DP lost a number of parliamentary seats in the last general election because of the differences arising out of the party’s primaries. In DP strongholds like Entebbe Municipality, Busiiro South etc, the party ended up losing the elections partly because different party members contested as independents and when you look at the votes split then it makes sense for DP to specifically want to deal with question of independents.
Like DP and FDC, UPC is also dealing with factions only that in UPC it is at a much bigger scale with the party literally split into two factions. One is led by Lira Municipality MP Jimmy Akena and the other is led by former UPC vice president Joseph Bbosa. The two groups have been at loggerheads long before the departure of Olara Otunnu from the UPC presidency.
On January 21, the Bbosa led faction petitioned the IPOD executive secretary demanding that Mr Akena and his group should not be financed.
The Bbosa group maintains that Jimmy Akena was never elected as the party president insisting his engagements with IPOD are illegal and should be shunned.
In IPOD where the idea was mooted and agreed upon, Mr Akena’s UPC faction holds the fort and the move on Independents is likely to serve him well, especially reining-in the Bbosa UPC faction members who may want the party endorsement to run in 2021.
Enter the ruling NRM with more to gain if the IPOD proposal on independents sails through.
Violence and allegations of rigging are inevitable in the NRM primaries judging by past exercises. What is more concerning for the party is that many of the people who lose in primaries threaten to leave or to run as Independents and many see their threats through. This partly explains the presence of 68 Independent legislators in the House.
By locking in the candidates, NRM will not only lower the stakes for its ticket but will also avoid strong candidates who lose in the primaries running as Independents and either defeating the party flag bearers or splitting the party votes to a loss. It will also give the party a chance to kick out outspoken legislators who don’t tow the official party position.
FDC deputy secretary general Harold Kaija says the party is open to all ideas that can improve the political system in the country.
“We are yet to discuss it as a party and take an official position but we think our political system needs to be reviewed. We even support proportional representation as a way that can help to reduce the number of MPs without necessarily going to fight with the people,” he says.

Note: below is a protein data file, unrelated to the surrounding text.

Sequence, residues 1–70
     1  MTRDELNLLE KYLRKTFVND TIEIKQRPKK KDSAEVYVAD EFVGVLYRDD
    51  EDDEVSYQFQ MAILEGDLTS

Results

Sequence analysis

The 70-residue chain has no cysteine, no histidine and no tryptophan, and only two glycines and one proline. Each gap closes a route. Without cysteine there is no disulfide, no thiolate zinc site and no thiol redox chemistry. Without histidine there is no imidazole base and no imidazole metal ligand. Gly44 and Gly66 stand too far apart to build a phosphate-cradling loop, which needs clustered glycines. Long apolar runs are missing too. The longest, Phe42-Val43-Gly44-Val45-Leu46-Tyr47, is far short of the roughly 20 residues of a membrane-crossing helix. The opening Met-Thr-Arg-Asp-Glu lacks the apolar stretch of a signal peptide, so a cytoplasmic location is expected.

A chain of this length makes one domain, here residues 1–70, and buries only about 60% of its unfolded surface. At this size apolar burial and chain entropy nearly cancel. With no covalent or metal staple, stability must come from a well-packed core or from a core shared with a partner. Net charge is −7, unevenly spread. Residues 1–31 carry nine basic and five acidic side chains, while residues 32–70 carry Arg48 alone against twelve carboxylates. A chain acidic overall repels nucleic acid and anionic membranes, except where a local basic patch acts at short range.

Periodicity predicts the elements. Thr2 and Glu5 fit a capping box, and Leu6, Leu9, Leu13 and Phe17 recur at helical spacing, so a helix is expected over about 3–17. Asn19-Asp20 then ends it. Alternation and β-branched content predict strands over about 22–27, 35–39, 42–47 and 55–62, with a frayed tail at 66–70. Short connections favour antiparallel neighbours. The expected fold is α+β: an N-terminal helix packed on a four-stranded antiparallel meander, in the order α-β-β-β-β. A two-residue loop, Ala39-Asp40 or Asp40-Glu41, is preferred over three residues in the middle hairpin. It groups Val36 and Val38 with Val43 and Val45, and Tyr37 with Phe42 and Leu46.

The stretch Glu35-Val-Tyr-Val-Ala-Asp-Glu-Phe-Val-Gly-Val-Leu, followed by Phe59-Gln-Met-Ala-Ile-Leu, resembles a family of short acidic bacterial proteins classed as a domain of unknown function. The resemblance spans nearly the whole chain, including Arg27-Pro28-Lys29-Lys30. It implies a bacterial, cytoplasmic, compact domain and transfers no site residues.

Mr Kaija says it is absurd to have a multiparty political system and the Independents become dominant force.
“An Independent is Independent of the other. If you merge them, you are creating a political party that is not registered yet they are not the same. If you want to be independent, straight away be independent. We must get politicians with principles, you say this is where I belong and you remain there. What we must do is develop parties so that their internal democracies grow, but if we are still rigging, then we have a long way to go,” he says.
Mr Fred Ebil Ebil, the secretary general for the Akena-led UPC faction says Ugandans unanimously voted in a referendum to return the multiparty system after paying a heavy price.
“It was paid by blood of Ugandans and it is the best option for Uganda because we all don’t think alike. You have to get a political organisation to join, if you don’t believe in the other organisation. They have given us room to build parties. To say that you are independent means you are a selfish person,” he said.
There is a likelihood that controlling the Independents will stifle democracy and be abused by parties to stifle dissent. We put this question to Mr Ebil.
“The thing is that all of us in IPOD agreed that there must be free and fair primaries. In fact, the chairman of NRM who is the President of the Republic of Uganda said we must ensure free and fair primaries for multiparty to work and that for them they have gone for lining up. We believe there is no rigging in lining up and I fully support him on that, there is no rigging in line up,” he said.
“All the people who believe in multiparty democracy should know that we should nurture this baby called multiparty and I believe with God’s grace we must be able to democractise Uganda through multiparty democracy.
“It is these Independents that are bringing chaos in Parliament. We believe it is a contradiction for us to have such people. If there is a possibility that you are rigged out, there are courts of law to which you can appeal,” he added.
During the December 2018 IPOD summit, President Museveni, the chief architect and beneficiary of the one party movement system, argued that taming wayward MPs will strengthen multi-party governance in Uganda. Museveni was also in support of strengthening of political parties to recall MPs who defy them.